More Fair Trade berries

This article was originally published in February 2019

Antony Gutierrez Flores, 21, from Alcozauca, Guerrero, harvests Driscoll’s organic raspberries.

Antony Gutierrez Flores, 21, from Alcozauca, Guerrero, harvests Driscoll’s organic raspberries.

Look for the Fair Trade logo on berry boxes this month at PCC stores. Beginning this month, 100 percent of PCC berries sold under the Driscoll’s brand from Baja will be Fair Trade Certified.

We had only a limited supply of Fair Trade Certified berries last year, but talks and encouragement by PCC and others for Driscoll’s to acquire third-party fair labor certification have been fruitful. We always try to work with vendors on consumer concerns, so Driscoll’s new benchmark is worth celebrating. Some growers for the Driscoll’s brand had been accused of unfair wages and labor practices and targeted for boycotts for several years.

Encouraging producers to ensure fair labor standards with certification helps advance our commitment to be a positive force in the lives of people who work in our supply chain. The Fair Trade USA certification for Driscoll’s means the brand helps invest in farmworker community development.

Fair labor certifications, in general, provide assurance that a product is produced by farms with good labor and environmental practices. For Fair Trade certification, Driscoll’s growers in Baja (California and Mexico) now must comply to a standard set by the certifying agent, Fair Trade USA. Once certified, fruit can be packed, sold and displayed in stores with the Fair Trade Certified logo.

Fair Trade USA certification has firm standards for worker representation, worker’s rights (including wages, working conditions and access to services), sustainability (including water efficiency, integrated pest management, pesticide use, and waste disposal) and transparency. Detailed information on these standards is available at

By purchasing Driscoll’s Fair Trade berries, a small premium is paid into a Community Development Fund managed locally by a worker committee to address needs in each community where berries are grown. The Community Development Fund is managed by a committee that is elected by workers from Fair Trade Certified farms.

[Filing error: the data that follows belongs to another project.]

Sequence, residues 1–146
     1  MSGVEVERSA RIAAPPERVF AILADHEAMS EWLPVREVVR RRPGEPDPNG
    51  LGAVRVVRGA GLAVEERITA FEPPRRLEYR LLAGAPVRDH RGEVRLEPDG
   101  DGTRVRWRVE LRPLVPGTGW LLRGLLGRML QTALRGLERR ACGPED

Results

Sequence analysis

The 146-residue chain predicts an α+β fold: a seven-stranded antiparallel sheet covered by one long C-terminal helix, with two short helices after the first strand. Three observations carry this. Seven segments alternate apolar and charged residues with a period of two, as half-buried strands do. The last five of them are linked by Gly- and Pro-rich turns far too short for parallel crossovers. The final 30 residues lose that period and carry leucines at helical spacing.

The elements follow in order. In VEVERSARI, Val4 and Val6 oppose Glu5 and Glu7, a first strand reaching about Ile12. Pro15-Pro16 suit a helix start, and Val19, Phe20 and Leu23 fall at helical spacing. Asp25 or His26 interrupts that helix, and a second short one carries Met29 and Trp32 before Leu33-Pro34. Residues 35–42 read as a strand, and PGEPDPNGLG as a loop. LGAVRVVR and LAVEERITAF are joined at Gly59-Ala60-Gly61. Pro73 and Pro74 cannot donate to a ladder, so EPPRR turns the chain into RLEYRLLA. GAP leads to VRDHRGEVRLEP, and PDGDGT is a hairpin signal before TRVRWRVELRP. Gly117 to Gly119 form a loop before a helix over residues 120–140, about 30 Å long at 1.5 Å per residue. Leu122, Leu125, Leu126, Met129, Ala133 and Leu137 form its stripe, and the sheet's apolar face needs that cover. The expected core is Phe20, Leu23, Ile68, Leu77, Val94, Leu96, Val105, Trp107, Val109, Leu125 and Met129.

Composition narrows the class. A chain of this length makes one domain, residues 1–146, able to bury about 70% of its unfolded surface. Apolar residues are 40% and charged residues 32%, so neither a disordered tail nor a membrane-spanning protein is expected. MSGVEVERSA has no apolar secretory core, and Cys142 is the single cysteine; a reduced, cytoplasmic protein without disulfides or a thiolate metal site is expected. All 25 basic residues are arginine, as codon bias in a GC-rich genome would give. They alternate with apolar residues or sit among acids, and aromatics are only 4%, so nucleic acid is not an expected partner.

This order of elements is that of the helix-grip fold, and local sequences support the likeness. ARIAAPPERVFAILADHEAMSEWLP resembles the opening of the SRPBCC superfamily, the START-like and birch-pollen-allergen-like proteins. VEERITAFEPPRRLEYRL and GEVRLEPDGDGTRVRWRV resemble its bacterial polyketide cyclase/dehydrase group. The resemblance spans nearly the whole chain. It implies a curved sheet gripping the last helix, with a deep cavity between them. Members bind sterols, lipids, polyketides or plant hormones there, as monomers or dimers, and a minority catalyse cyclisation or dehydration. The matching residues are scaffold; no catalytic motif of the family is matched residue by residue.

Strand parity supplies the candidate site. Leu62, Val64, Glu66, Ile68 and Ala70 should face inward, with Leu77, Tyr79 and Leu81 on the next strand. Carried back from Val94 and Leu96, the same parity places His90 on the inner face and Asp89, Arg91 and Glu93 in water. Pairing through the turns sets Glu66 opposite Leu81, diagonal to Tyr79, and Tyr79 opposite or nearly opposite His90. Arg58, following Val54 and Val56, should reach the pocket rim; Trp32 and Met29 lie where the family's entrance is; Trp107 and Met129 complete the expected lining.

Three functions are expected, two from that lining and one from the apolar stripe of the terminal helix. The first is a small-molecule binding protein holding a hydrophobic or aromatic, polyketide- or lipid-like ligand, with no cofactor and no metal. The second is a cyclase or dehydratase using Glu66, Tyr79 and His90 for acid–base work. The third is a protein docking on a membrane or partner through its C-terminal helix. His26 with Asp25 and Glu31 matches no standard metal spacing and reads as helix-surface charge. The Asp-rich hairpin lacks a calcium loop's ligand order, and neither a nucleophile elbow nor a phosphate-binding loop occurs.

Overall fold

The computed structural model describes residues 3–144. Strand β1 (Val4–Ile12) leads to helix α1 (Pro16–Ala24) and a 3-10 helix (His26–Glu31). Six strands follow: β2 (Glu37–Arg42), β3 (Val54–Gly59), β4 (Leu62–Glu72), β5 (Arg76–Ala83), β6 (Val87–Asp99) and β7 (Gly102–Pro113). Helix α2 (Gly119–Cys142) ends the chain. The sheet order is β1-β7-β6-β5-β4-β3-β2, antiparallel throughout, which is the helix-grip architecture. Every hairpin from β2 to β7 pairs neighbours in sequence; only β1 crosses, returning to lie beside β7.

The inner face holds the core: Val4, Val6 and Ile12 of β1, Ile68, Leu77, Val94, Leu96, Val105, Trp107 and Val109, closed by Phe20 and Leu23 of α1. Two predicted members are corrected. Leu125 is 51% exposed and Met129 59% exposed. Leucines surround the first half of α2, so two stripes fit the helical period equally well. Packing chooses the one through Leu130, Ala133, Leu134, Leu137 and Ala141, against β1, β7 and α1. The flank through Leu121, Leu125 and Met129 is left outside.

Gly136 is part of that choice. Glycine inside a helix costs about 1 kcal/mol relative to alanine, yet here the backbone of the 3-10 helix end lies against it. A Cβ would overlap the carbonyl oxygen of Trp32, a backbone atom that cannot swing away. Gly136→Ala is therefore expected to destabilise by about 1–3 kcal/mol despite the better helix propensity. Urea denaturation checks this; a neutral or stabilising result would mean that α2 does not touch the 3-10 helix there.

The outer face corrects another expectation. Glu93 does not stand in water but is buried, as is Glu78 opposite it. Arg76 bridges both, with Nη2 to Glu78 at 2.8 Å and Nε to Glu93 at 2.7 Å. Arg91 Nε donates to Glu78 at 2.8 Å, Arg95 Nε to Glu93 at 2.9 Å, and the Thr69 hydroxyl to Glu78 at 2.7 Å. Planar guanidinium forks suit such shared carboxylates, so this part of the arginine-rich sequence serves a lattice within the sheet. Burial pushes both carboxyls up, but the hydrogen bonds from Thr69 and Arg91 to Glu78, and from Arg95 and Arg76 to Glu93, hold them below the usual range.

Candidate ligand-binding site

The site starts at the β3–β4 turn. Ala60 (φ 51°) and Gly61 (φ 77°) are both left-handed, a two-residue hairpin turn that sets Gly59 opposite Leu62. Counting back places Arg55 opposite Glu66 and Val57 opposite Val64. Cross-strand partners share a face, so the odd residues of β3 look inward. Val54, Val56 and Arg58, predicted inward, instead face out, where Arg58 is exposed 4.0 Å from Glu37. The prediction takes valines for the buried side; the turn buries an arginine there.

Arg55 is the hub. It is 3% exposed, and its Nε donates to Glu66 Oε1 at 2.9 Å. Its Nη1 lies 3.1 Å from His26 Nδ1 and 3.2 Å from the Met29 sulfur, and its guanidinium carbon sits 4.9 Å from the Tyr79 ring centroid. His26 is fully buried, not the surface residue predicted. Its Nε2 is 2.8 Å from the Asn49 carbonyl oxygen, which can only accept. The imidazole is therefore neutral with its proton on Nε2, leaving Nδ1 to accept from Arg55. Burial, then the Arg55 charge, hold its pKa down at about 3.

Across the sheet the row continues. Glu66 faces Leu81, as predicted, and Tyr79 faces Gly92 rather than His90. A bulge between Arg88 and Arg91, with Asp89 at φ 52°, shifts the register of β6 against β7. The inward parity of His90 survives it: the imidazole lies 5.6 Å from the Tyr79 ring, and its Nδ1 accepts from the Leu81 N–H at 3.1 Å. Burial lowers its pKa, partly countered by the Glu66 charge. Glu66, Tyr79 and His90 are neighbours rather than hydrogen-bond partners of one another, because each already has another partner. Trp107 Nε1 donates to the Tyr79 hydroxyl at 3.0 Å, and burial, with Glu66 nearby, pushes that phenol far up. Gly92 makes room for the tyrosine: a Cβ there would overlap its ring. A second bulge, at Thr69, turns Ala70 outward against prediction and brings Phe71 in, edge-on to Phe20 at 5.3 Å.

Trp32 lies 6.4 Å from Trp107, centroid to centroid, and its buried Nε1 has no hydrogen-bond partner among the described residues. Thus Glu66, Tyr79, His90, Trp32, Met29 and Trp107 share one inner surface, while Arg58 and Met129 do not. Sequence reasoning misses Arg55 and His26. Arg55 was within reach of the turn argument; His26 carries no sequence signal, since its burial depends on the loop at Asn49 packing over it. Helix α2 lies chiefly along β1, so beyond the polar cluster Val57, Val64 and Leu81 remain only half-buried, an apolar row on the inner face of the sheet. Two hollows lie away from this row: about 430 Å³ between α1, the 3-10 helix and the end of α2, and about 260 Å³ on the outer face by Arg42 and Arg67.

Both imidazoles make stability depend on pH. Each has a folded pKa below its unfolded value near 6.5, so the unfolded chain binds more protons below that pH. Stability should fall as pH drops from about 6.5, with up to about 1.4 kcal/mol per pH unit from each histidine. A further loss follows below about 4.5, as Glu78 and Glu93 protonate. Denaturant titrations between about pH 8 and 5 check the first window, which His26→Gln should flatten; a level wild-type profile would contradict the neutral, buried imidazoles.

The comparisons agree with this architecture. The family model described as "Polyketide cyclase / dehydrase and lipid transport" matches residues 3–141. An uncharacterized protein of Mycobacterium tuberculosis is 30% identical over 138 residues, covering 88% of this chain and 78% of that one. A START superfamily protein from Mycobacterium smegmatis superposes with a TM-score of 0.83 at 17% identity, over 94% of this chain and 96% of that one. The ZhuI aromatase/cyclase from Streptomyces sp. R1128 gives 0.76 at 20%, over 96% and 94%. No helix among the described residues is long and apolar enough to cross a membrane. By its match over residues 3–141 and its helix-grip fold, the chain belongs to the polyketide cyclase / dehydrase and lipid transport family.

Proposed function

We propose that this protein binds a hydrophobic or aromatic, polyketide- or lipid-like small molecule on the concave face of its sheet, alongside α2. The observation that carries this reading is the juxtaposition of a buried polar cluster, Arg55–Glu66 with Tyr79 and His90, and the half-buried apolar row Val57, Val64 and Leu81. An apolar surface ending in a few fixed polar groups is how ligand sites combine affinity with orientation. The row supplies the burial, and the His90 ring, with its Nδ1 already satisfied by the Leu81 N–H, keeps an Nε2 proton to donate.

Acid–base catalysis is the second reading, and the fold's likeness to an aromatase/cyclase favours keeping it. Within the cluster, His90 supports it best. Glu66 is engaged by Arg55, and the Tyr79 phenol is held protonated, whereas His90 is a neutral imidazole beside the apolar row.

This worker committee is responsible for conducting a community needs assessment to prioritize local needs and develop projects to address the needs. The committee presents proposed projects to their peers who then vote on what projects get executed.

Naomi Sakoda, Driscoll’s resource analyst/Fair Trade lead, says, “Compliance to the Fair Trade USA standard allows us to communicate easily the efforts of our growers to provide safe and fair working conditions and protect workers and the environment with responsible farming practices. Some examples of these practices includes the protections of workers’ rights and increased safeguards to limit chemical exposure and pollution by leveraging training exercises and integrated pest management practices.”

Driscoll’s Baja Fair Trade program requires each farm to develop Social Engagement Teams to increase communication between workers and management. These forums facilitate better relationships with growers and workers and allow workers to share freely what’s happening in the fields, thus providing a mechanism for workers’ voices to be heard.

“In fact, we’ve seen this part of the program to be so impactful — and growers value it so much,” says Sakoda, “that it’s being replicated in areas outside of Baja.”

In addition, the Community Development Premium, managed by the worker committees, enables important community investment and supports workers to become active leaders in their own communities.

Driscoll’s began selling Fair Trade Certified berries in Baja in 2016 and, so far, has sold more than 18 million pounds of Fair Trade organic strawberries, raspberries and blueberries. Due to the expansion of fair labor certification, there will be approximately 8,000 farmworkers employed on Fair Trade-certified farms who also will be beneficiaries of the Community Development Premium.

Some highlights of projects that the Community Development Premium has funded so far include:

  • Free health services for 2,700 community members at two health fairs
  • Free dental care for 1,030 people, helping to address the need for more dental services and dental education in Baja
  • Water storage tanks for 826 families, improving reliability and access to clean drinking water
  • Free backpacks with school supplies distributed to 1,700 students to help support school enrollment and reduce the costs of attending school

The worker committee currently is developing its project plans for 2019. Potential projects include student scholarships, additional water storage tanks, grants for housing improvements, laundry services, and a mobile dental clinic.

PCC is excited about this program and pleased to work with growers to bring you more Fair Trade Certified berries. For more information, visit

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